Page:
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I save babies (no, seriously)

world-changing career
Howard Schiffer
Published on January 27, 2015

When I first started Vitamin Angels, people would always say things like; ‘You really should be on Oprah’ or ‘You should talk to Angelina Jolie’, and finally ‘I bet you have a lot of mileage plus miles!’

The last one is the only thing that did happen and even that took years. The rest fall into the “useless advice” category.

So here are eleven things you don’t need to know (but you’ll find out are true) about starting a world-changing career:

1. What you don’t know can be your greatest ally

When I started Vitamin Angels I didn’t know zip. I had no credentials. I had no capital. I had no celebrity. I had friends in the vitamin industry. I had passion. I was committed.

I set up an organization in a way that could go on forever – turned out to be a genius plan; product was donated, we piggy backed our shipments onto other non-profit’s shipments, and we found partners in the countries we wanted to work in who were already working there to distribute our vitamins.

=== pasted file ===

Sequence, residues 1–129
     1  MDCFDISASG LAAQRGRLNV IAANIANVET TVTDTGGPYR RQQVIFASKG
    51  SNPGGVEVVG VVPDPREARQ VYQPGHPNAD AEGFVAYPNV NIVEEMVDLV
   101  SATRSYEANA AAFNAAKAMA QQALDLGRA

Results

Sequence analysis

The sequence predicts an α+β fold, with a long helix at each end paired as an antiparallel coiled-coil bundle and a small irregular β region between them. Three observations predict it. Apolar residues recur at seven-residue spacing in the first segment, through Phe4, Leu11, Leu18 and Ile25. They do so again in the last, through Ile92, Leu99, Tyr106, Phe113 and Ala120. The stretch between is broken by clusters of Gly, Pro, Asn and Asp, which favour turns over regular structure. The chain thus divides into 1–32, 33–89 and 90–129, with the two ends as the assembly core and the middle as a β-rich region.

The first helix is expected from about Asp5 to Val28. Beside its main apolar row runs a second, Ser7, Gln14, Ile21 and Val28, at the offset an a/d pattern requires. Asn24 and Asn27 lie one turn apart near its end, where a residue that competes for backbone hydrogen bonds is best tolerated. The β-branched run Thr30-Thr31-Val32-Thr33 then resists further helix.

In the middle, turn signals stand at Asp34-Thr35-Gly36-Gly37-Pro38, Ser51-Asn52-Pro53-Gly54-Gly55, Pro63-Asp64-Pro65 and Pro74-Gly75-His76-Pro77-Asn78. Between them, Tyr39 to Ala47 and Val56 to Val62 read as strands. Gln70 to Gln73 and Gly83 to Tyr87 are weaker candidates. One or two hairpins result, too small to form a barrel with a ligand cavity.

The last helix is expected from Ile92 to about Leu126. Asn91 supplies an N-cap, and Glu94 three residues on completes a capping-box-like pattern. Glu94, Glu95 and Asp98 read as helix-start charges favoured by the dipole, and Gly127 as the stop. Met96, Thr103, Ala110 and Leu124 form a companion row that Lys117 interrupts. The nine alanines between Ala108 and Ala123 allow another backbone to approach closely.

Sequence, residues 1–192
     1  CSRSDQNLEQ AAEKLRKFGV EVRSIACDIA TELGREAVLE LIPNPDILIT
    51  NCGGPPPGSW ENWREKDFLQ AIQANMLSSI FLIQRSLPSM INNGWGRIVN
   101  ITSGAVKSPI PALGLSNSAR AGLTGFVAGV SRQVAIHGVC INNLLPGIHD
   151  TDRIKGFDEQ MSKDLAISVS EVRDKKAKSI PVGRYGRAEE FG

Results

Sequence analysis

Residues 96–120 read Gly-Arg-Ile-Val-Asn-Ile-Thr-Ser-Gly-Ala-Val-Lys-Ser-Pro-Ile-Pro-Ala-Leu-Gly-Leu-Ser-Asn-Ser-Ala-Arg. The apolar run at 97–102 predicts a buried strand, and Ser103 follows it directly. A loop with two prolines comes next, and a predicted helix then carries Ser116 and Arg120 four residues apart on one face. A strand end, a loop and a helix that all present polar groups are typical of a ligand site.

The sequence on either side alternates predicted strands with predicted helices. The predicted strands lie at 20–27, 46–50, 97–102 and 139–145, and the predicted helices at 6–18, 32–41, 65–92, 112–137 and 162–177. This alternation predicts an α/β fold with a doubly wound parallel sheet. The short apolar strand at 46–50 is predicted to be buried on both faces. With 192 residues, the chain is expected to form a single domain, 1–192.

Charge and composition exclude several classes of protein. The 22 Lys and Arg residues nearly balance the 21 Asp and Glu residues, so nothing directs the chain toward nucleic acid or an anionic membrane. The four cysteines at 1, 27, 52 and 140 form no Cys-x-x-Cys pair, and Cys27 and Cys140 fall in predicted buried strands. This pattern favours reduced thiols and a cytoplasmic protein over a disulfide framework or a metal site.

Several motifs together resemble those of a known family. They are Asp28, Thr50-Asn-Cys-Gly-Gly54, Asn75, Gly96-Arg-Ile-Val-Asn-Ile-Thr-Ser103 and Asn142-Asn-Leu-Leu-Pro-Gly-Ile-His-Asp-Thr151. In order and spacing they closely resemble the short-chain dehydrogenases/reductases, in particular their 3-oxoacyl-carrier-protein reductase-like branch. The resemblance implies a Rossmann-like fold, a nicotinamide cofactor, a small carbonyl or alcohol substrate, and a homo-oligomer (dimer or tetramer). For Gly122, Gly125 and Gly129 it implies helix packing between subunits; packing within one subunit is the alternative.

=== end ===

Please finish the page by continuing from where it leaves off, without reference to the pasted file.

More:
I knew what I didn’t want: to be corporate, to be boring, to fill out paperwork all day, to be stuck in an office.

 2. It will never be a straight line

I started a commune when I was twenty-one. In my first business I sold everything from sprouts to snow cones. I ended up in the natural products industry and didn’t start Vitamin Angels until I was in my mid-forties.

3. “Everyone’s life is a laboratory to create one product”

This quote came from a media training class I took with Joel Roberts in 2006. It’s true.

Another way of saying this: Before his death, Rabbi Zusya said, “In the coming world, they will not ask me: ‘Why were you not the great prophet Moses?’ They will ask me: ‘Why were you not Zusya?'”

So why not trust in who you are and the special lens that you see the world through?

4. Go out full tilt!

Don’t waste your time. I once heard an interview with Madonna and they were asking her about how she was always going at mach 10 and if she was ever worried if she was going in the wrong direction.